UBC Theses and Dissertations
Role of cardiac FoxO1 in conditions of insulin resistance, nutrient excess, and diabetes Puthanveetil, Prasanth Nair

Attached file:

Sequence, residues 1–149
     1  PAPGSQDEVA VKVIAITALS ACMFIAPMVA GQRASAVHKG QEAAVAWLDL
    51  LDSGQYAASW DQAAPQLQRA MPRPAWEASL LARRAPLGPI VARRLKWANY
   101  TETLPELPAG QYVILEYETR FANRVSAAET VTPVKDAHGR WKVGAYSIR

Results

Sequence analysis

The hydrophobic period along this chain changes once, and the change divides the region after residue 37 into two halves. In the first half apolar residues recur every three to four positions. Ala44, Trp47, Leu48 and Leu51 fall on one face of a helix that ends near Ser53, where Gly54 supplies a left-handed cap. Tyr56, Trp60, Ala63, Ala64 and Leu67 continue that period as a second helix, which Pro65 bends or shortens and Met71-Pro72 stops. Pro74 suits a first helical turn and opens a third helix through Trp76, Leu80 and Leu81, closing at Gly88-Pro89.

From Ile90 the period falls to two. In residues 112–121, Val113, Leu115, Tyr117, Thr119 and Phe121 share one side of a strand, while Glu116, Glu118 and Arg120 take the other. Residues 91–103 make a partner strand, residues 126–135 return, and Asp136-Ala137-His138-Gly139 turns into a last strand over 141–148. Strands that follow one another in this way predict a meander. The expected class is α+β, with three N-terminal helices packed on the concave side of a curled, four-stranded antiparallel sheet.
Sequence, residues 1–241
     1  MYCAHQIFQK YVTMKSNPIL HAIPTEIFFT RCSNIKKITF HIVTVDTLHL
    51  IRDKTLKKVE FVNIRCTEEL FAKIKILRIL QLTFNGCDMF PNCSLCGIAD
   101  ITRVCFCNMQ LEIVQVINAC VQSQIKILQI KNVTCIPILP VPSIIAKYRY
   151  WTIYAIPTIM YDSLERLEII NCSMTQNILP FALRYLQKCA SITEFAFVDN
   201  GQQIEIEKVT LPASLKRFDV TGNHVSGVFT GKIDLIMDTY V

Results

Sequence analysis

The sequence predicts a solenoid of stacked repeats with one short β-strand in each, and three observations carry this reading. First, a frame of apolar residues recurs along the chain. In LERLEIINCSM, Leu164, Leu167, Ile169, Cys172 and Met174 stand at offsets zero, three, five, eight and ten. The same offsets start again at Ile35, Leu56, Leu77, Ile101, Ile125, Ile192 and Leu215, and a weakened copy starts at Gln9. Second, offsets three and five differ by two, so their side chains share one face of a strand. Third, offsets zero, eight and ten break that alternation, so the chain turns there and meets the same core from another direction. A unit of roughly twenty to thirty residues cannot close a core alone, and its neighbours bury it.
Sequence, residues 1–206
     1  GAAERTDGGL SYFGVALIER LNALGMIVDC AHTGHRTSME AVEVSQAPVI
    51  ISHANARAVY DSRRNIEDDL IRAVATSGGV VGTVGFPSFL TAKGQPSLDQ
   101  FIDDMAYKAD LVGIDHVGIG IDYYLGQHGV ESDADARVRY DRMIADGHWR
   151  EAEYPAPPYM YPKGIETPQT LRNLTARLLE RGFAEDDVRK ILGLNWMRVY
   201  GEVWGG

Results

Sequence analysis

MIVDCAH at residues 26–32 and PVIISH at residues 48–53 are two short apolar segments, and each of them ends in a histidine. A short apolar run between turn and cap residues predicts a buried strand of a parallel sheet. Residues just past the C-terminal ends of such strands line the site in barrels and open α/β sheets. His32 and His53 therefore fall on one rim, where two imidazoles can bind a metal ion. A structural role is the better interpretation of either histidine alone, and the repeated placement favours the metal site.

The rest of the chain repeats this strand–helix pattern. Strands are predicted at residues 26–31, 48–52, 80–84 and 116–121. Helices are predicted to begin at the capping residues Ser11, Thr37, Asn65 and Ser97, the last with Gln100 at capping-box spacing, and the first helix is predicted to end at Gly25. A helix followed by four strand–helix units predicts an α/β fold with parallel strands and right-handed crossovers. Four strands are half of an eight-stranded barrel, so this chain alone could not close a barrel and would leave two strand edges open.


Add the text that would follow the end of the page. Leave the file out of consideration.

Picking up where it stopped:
Glucocorticoids increase PDK4 mRNA and protein expression, which phosphorylates PDH, thereby preventing the formed pyruvate from undergoing mitochondrial oxidation. This increase in PDK4 expression is mediated by the mandatory presence of FoxOs in the nucleus. Rat cardiomyocytes exposed to Dx produced a robust decrease in glucose oxidation. Measurement of FoxO compartmentalization demonstrated increase in nuclear, but resultant decrease in cytosolic content of FoxO1 with no change in the total content. The increase in nuclear content of FoxO1 correlated to an increase in nuclear phospho p38 MAPK together with a robust association between this transcription factor and kinase. Dx also promoted nuclear retention of FoxO1 through a decrease in phosphorylation of Akt, an effect mediated by heat shock proteins binding to Akt. Instead, Dx increased the association of Sirt1 with FoxO1, thereby causing a decrease in FoxO acetylation. Our data suggests that FoxO1 has a major PDK4 regulating function. Related to nutrient excess, FoxO1 has a role in regulating fatty acid (FA) uptake and oxidation, and triglyceride storage by mechanisms that are largely unresolved. We examined the mechanism behind palmitate (PA) induced TG accumulation in cardiomyocytes. PA treated cardiomyocytes showed substantial increase in TG accumulation, accompanied by amplification in nuclear migration of phospho-p38 and FoxO1, iNOS induction and translocation of CD36 to the plasma membrane. PA also increased Cdc42 protein and its tyrosine nitration, there by re-arranging the cytoskeleton and facilitating CD36 translocation. Cardiomyocyte cell death is a major contributing factor for diabetic cardiomyopathy, and multiple mechanisms have been proposed for its initiation. Diabetes increased the nuclear content of FoxO1 as a result of attenuated survival signalling. Increased nuclear FoxO1 augmented iNOS induction in the diabetic myocardium. The iNOS induced nitrosative stress increased the nitrosylation of GAPDH accompanied by its binding to Siah1 and translocation to the nucleus with an increased nuclear nitrosative stress. iNOS also nitrosylated caspase-3 there by hindering its ability to cleave PARP, a direct downstream target of Caspase-3. The resultant effect is activation of PARP with an nuclear compartmentalization of Apoptosis Inducing Factor (AIF) and resultant cell death.
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